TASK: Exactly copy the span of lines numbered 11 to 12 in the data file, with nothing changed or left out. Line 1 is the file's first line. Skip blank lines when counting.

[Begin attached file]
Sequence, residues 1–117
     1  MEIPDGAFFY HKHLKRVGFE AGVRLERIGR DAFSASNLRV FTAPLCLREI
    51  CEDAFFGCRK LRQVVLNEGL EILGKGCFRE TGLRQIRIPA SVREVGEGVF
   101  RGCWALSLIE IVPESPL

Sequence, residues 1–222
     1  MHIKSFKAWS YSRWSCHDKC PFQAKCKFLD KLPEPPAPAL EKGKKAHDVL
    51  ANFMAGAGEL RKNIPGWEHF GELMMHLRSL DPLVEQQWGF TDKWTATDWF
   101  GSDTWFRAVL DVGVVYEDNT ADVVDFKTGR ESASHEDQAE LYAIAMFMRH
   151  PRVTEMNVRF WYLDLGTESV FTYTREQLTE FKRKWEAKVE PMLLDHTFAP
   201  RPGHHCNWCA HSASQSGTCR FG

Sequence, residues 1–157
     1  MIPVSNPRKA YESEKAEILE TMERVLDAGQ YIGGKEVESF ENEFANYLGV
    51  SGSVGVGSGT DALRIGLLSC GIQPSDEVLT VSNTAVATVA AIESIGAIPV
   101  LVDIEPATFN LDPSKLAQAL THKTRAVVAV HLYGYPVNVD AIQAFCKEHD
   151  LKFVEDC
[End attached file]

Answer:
Sequence, residues 1–157
     1  MIPVSNPRKA YESEKAEILE TMERVLDAGQ YIGGKEVESF ENEFANYLGV